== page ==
With candor, humor, and remarkable courage, former New York Times restaurant critic Frank Bruni recounted his past struggles with his weight, binge eating, and bulimia nervosa, as this year’s keynote speaker of the International Conference for Eating Disorders in New York City. Bruni described many nights where, resolved to begin dieting tomorrow, he would eat a full dinner and then binge on take-out and ice cream. Ashamed of his behavior and increasing weight, Bruni avoided getting together with friends or pursuing romantic relationships.
Like Bruni, many people report that they have problems with binge eating, but what does the mental health community mean when we called something a “binge?” Binge eating is not just feeling like you’ve overeaten, it’s eating a large amount of food while feeling out of control, or like you cannot stop. For most people, Thanksgiving dinner or a fourth of July barbeque isn’t a binge even though you’re likely eating more than you normally would. However, if you felt like you couldn’t stop yourself from going back for more stuffing, or if you ate five strawberry shortcakes after promising yourself you’d only have one, you might be crossing over into binge territory. Countless men and women find their lives negatively affected by binge eating. The mental health community is taking steps towards recognizing these individuals’ struggles and developing treatments to better help them.
In fact, in 2013 binge eating disorder (BED) became an official diagnosis in the fifth edition of the Diagnostic and Statistical Manual for Mental Disorders (DSM-5). As a result of the efforts of patients, clinicians, and researchers, we now know that BED is almost as common in men as it is in women, and that there are more people suffering from BED than anorexia nervosa and bulimia nervosa combined. We also know that among individuals with BED, those who judge themselves primarily by their shape or the number on the scale tend to be more depressed, struggle with more problematic thoughts and behaviors, and have lower self-esteem than those who find other ways to define or evaluate themselves.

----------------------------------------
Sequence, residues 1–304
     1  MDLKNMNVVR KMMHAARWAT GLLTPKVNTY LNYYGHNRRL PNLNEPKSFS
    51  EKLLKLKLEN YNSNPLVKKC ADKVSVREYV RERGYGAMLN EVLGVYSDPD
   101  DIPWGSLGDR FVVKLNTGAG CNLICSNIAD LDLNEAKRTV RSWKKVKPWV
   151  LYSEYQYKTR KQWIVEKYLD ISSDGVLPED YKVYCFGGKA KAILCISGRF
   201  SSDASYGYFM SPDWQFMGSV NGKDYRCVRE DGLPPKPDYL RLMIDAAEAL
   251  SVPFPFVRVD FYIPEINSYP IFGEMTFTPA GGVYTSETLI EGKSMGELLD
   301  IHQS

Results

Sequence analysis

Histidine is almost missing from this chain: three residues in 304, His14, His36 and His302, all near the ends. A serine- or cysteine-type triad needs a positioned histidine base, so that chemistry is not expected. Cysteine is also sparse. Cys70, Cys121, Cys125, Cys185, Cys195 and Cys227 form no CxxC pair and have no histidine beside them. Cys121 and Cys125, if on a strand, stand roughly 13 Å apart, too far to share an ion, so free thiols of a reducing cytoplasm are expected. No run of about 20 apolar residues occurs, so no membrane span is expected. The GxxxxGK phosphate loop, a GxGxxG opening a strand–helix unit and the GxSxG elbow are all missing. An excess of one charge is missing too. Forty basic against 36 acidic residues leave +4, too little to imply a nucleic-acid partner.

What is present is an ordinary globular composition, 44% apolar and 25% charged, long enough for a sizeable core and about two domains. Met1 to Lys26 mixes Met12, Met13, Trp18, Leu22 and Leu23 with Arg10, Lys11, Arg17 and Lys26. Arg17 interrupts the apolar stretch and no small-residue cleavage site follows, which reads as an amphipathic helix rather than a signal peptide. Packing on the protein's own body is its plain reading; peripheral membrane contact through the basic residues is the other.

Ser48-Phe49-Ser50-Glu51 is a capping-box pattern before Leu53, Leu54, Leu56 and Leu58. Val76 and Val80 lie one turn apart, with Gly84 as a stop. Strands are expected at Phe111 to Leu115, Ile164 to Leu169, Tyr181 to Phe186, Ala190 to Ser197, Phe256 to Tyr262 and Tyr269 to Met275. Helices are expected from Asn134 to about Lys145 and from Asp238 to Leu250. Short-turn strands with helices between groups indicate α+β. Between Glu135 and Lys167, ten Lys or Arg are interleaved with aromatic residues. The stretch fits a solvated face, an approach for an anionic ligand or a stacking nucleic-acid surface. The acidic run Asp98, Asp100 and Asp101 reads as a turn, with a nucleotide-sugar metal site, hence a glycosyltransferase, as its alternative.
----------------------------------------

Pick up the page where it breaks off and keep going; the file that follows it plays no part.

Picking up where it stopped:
But, there is some good news. There are several effective psychological treatments for BED- namely cognitive behavioral therapy and interpersonal psychotherapy. In cognitive behavioral therapy, clients work individually or in a group therapy setting to break the cycle of dieting and binging by implementing a very structured schedule for eating. Taking a different tack, interpersonal psychotherapy focuses on helping clients more effectively deal with interpersonal difficulties that are thought to perpetuate the problem eating behaviors and related distress. These treatments appear to be equally useful in reducing binge eating, though the time course for expected change in symptoms might be slightly different. In addition to psychotherapies, there are also medications that can help people reduce their binge eating.
While Frank Bruni did not have formal treatment for his disordered eating, he noted that, consistent with the main principle of the cognitive behavioral approach, the routine of eating on a fairly strict schedule while reviewing restaurants for the New York Times largely kept him from binge eating. He emphasized that regardless of whether you rely on self-help or formal treatment, being utterly honest about your eating problems and addressing them head on turns out to be easier than dealing with them alone, holding on to secrecy and shame.
To learn more about Frank Bruni’s experience with food, his body, and his appetite, check out his memoir Born Round: The Secret History of a Full-Time Eater. For more information about binge eating disorder, please check out the Binge Eating Disorder Association’s website. If you or someone you know is struggling with an eating disorder, we encourage you to contact the National Eating Disorder Association or our program for referrals.